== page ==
But the committee behind the report, thinks that the large sticker prices on bold missions are worth the effort. “The cost of these telescopes and the commands that we’re talking about, although, significantly, certainly not outside the range of what we as a society can do,” B. Scott Gaudi, an astronomer at Ohio State University and co-chairman of the commission, told Space.com.

These costly projects are ambitious space telescopes such as the Large Ultraviolet/Optical/Infrared Surveyor (LUVOIR) and the Habitable Exoplanet Observatory that would each be powerful enough, to the small light of a planet from the powerful glare of the star. They would also make the financing of giant, ground-based telescopes, like the Thirty Meter Telescope (in Hawaii) and the Giant Magellan Telescope (in Chile).

With the emphasis on direct imaging was to Thayne Currie, an astronomer at the National Astronomical Observatory of Japan are not involved in the new report, which focuses on the technique, which is currently very difficult. “In[Direct imaging] is intriguing, because seeing is believing,” he told Space.com. “A lot of people, if you tell them that it is actually not directly detect many of the planets, it is a kind of a head-scratcher.”

Exoplanet detections have now the tendency to spot planets by the slight wobble their gravity on a star’s position (the so-called radial velocity method) or by the slight dip in the brightness of the star caused when a planet glides between the star and a telescope (the so-called transit method). In contrast, the report focuses on the detection methods that require the next level of technology — direct imaging and microlensing, which uses an optical trick to zoom in on remote places of the space and it will be possible with the WFIRST telescope, currently scheduled for launch in 2025.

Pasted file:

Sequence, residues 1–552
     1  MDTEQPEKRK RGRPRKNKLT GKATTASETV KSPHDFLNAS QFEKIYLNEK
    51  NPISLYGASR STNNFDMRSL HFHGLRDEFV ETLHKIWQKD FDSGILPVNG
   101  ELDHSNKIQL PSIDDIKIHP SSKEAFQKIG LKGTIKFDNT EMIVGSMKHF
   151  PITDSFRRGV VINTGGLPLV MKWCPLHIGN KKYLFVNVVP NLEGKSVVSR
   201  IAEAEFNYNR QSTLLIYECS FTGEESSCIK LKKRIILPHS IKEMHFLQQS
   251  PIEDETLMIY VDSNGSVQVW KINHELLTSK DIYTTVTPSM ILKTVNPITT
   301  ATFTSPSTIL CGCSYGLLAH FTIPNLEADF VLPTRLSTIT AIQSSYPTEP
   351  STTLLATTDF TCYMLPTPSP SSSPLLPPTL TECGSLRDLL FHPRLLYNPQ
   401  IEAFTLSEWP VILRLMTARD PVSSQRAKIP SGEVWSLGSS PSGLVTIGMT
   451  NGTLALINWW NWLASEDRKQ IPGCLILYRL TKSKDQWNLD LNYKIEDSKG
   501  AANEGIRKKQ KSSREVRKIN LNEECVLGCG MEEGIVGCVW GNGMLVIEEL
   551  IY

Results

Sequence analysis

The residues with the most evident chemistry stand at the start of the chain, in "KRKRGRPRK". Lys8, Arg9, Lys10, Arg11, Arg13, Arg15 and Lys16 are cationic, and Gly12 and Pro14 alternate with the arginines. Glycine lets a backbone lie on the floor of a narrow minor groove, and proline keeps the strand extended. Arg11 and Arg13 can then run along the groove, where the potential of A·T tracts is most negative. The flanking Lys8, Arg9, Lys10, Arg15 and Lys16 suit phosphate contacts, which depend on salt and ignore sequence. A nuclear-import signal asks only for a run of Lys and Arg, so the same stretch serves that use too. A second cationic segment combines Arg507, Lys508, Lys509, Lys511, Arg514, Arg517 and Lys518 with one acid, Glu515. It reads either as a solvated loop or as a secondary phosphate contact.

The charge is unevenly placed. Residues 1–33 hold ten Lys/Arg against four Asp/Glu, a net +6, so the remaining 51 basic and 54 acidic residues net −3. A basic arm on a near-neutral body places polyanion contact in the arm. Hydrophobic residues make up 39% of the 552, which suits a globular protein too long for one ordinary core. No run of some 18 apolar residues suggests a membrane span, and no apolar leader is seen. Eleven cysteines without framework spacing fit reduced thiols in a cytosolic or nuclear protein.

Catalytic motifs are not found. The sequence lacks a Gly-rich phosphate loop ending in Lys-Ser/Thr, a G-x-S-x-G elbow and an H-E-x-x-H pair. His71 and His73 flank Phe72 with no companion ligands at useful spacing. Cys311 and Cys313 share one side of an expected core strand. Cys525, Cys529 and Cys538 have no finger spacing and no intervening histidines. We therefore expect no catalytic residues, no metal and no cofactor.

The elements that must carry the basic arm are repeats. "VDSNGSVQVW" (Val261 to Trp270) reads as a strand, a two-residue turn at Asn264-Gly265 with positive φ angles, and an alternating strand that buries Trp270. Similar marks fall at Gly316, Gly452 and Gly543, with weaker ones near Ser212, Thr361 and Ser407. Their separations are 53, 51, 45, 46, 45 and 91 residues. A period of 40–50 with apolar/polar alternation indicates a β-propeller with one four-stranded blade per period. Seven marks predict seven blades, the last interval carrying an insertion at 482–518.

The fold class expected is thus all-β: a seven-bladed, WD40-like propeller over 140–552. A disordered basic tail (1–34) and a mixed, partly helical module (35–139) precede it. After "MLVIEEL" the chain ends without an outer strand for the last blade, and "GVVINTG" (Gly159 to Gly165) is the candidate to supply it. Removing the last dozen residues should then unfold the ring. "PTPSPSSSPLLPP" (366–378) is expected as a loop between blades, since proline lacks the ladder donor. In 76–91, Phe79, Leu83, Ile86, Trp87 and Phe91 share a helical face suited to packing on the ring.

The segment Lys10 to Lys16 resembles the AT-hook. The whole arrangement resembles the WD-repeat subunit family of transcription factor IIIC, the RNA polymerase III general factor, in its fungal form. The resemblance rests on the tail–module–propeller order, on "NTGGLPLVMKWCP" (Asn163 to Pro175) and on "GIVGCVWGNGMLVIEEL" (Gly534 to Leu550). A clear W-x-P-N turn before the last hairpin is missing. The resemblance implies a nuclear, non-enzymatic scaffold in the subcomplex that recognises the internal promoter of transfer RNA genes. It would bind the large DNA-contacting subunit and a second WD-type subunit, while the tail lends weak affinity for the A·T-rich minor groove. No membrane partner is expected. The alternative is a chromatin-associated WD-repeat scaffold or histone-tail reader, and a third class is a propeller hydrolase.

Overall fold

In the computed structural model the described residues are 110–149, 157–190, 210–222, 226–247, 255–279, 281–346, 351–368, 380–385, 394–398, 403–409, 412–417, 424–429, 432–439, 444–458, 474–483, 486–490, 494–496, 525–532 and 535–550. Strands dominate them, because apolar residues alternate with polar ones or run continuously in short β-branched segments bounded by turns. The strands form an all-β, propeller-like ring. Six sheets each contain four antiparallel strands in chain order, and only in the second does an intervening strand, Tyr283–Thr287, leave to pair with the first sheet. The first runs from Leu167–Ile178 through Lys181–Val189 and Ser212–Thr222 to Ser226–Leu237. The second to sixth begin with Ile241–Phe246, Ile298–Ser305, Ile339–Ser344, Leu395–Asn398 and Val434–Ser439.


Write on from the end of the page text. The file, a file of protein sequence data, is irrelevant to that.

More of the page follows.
Direct imaging also provides additional information about the planet itself, and what might happen on the surface. “Once you can see the planet, you can all kinds of interesting things, such as the study of its orbit, begin to understand, the composition, and maybe spot signs of the weather or the rotation, Pat McCarthy, vice president of operations of the Giant Magellan Telescope, which was not involved in the new report, told Space.com. “It really opens up the world.” [10 Exoplanets That Could Host Alien Life]

Although the report emphasizes the appeal of the determination of the habitability and the search for life, it strives to balance these questions with others in connection with exoplanets more generally. “The committee took a very holistic approach to our care of an exoplanet strategy,” Gaudi said. “We do not believe that it is possible to go out and identifying life without understanding of the context of a certain planet.”

Although the report primarily focuses on the science, but also the addresses of the scientists behind exoplanet research, advocates for cross-disciplinary collaboration and support for research grants. The report also touches on the promotion of diversity and prevention of discrimination and harassment, although no concrete recommendations on these topics.

All told, the new report outlines a path to dramatically strengthen of planet studies in the next two decades, with potentially fatal consequences. “For the first time in human history, we can start now, if we choose to, when the answer to the question whether there is life on other planets,” Gaudi said.

Original article on Space.com.